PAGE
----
Tax preparation also comes to mind. Why should you pay someone a commission when you can do it yourself and keep the entire return? For the answer, just check in with those who found themselves on the wrong end of an audit.
Indeed, you might not make a mistake and everything will be just fine. But the little extra you pay will pay off in peace of mind if not in cold, hard currency.
Eliminating A Future Bill
Buy now, pay later is all the rage. Unfortunately, that is not a very good thing for many people. Retailers would not offer it if they didn’t see an opportunity to make a lot of money.
With those deals, you have a set amount of time to pay back the full amount. If you fail to do so in that period, it quickly gets expensive.
The better deal for more people most of the time is to buy now, pay now. You will not get to enjoy the upfront savings.
But you will get that future bill off the table. There are no payments to forget about or get delayed due to unforeseen circumstances.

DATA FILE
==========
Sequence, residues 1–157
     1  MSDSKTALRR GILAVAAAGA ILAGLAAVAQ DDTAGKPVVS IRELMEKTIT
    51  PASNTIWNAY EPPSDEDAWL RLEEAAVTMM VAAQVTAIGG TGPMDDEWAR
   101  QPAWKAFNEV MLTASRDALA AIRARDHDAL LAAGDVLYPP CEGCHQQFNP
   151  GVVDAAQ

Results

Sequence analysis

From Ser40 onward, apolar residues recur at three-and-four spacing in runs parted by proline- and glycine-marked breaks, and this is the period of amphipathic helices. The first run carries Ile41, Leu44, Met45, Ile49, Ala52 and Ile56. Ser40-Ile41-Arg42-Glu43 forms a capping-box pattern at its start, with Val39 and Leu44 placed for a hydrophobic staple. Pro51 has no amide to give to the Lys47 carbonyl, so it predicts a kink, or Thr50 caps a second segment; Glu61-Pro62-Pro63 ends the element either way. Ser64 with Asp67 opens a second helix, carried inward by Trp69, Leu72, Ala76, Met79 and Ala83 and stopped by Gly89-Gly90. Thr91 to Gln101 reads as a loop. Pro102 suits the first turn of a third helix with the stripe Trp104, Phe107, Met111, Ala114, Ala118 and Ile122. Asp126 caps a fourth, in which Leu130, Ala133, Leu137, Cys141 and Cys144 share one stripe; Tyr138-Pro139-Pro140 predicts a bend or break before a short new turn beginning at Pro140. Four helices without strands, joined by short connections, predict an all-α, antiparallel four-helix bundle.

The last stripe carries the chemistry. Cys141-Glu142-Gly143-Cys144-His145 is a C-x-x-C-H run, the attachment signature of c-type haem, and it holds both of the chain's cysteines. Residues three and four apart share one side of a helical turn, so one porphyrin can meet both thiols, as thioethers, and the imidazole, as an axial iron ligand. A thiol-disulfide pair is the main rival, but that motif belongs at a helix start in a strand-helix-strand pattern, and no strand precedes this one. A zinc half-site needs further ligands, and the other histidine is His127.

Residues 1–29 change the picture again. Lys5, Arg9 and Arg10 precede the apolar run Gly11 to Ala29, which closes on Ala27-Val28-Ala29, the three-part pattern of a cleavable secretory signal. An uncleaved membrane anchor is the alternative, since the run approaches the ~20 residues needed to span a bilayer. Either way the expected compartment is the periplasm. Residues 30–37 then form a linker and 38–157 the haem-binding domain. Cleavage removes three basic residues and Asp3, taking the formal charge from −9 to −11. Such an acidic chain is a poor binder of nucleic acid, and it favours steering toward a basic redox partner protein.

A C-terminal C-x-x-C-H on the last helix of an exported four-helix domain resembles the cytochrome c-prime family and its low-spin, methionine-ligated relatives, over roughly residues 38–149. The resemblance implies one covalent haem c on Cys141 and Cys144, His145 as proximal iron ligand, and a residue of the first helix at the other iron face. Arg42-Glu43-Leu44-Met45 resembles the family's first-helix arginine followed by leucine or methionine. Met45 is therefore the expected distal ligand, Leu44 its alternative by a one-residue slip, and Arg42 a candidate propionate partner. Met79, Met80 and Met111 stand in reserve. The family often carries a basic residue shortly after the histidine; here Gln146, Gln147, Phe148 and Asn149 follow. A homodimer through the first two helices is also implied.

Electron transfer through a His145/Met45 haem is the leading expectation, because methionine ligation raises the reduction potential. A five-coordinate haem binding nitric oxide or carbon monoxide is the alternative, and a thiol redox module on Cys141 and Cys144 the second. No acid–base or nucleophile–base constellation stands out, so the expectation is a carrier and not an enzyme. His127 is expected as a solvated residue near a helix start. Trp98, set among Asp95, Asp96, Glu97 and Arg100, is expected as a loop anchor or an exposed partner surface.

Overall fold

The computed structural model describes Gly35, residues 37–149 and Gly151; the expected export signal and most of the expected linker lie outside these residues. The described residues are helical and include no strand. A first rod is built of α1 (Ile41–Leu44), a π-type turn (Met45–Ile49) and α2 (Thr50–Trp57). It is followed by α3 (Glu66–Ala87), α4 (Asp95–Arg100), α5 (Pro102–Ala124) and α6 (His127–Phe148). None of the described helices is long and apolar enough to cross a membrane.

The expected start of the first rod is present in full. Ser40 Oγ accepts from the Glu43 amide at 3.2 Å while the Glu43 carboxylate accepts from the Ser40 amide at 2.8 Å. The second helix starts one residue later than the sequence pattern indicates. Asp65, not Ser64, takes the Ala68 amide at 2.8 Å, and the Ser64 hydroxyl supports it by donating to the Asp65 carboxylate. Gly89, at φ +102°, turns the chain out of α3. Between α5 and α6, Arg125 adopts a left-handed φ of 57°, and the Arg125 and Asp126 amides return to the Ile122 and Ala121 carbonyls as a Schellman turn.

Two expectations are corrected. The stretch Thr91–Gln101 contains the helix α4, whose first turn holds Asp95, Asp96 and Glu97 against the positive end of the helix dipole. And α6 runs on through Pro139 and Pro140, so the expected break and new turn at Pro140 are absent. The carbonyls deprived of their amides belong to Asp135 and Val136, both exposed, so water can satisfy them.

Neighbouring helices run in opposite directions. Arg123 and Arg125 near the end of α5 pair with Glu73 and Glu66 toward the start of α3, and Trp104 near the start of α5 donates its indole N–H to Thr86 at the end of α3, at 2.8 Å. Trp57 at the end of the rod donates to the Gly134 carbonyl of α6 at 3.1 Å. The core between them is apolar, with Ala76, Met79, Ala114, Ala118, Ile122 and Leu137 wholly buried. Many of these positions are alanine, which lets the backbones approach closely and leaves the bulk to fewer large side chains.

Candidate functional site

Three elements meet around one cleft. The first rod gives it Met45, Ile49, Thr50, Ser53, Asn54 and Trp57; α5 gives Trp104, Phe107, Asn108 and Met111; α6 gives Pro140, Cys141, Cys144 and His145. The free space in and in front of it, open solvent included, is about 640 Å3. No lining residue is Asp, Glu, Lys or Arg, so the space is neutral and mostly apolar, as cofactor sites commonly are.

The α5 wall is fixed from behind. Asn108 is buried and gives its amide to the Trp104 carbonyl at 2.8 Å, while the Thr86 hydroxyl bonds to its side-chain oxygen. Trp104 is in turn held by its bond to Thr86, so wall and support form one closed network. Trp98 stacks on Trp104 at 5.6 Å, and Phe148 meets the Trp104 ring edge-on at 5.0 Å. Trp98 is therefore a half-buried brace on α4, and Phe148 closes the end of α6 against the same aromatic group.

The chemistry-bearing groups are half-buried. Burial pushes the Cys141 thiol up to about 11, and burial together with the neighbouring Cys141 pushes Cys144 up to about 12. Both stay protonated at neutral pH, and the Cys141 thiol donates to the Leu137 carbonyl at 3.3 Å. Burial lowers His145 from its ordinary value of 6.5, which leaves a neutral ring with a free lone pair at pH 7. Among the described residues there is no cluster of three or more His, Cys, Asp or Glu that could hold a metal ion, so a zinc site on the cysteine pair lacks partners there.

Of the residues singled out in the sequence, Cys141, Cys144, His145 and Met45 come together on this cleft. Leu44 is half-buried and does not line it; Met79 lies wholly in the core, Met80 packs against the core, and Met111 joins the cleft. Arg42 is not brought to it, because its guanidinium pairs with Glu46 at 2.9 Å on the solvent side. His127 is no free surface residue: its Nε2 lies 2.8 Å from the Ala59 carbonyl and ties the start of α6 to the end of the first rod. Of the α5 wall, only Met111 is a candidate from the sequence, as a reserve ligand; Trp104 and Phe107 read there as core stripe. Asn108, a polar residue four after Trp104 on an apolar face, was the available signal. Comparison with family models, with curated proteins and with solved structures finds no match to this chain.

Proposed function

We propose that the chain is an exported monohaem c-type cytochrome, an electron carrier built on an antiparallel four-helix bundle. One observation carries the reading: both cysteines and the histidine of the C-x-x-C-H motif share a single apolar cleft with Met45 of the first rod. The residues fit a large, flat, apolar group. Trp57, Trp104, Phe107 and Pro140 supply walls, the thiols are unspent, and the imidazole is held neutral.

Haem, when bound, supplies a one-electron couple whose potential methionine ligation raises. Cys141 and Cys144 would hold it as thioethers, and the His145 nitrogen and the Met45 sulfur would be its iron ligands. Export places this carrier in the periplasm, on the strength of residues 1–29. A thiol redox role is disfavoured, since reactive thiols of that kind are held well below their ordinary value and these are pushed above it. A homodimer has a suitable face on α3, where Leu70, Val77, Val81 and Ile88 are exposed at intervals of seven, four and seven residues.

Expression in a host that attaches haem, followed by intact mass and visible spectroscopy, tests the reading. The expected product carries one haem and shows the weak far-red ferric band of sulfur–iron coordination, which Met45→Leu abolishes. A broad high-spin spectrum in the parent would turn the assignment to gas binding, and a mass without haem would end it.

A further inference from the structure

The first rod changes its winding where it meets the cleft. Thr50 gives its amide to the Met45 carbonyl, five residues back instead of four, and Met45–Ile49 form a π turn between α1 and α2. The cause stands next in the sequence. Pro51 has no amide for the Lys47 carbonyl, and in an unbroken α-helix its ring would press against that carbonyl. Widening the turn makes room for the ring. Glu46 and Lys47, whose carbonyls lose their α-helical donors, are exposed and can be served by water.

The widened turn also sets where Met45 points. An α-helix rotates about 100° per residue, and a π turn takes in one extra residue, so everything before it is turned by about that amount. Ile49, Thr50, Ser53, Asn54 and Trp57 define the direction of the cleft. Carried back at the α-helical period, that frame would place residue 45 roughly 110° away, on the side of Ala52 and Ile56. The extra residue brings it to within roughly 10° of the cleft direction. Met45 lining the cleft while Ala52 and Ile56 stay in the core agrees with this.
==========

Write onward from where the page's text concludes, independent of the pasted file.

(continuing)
Never having to deal with a future bill for something you will have forgotten about by the time it is due is worth a larger up-front payment.
I mentioned my thoughts on Buy Now, Pay Later in the article from Business Insider.
When The Benefit Is Too Good to Live Without
Going to college is one of the best investments of time and money. It also is a terrible investment for some individuals.
The most likely outcome of completing your college degree is that you will have an easier time getting better jobs that pay more for the rest of your life than if you don’t go.
If none of that happens, you still get a quality education that can only result in you being a better version of yourself.
You can’t put a price on that sort of thing. When the benefit is too good to pass up, leap, even if it costs you a little more to do so.
Investing in Quality
Consider Long-Term Value Over Short-Term Savings. Opting for the cheaper version of a product or service may seem like a good idea initially, but it could actually cost you more in the long run.
This is especially true when purchasing items like cars, home appliances, or furniture. If these items break down or need to be replaced sooner than expected, you could end up spending more over time.
Investing in high-quality items can often be more cost-effective in the long run.
These items tend to last longer and perform better, providing you with more value for your money. While the upfront cost may be higher, the long-term savings can make these purchases worthwhile.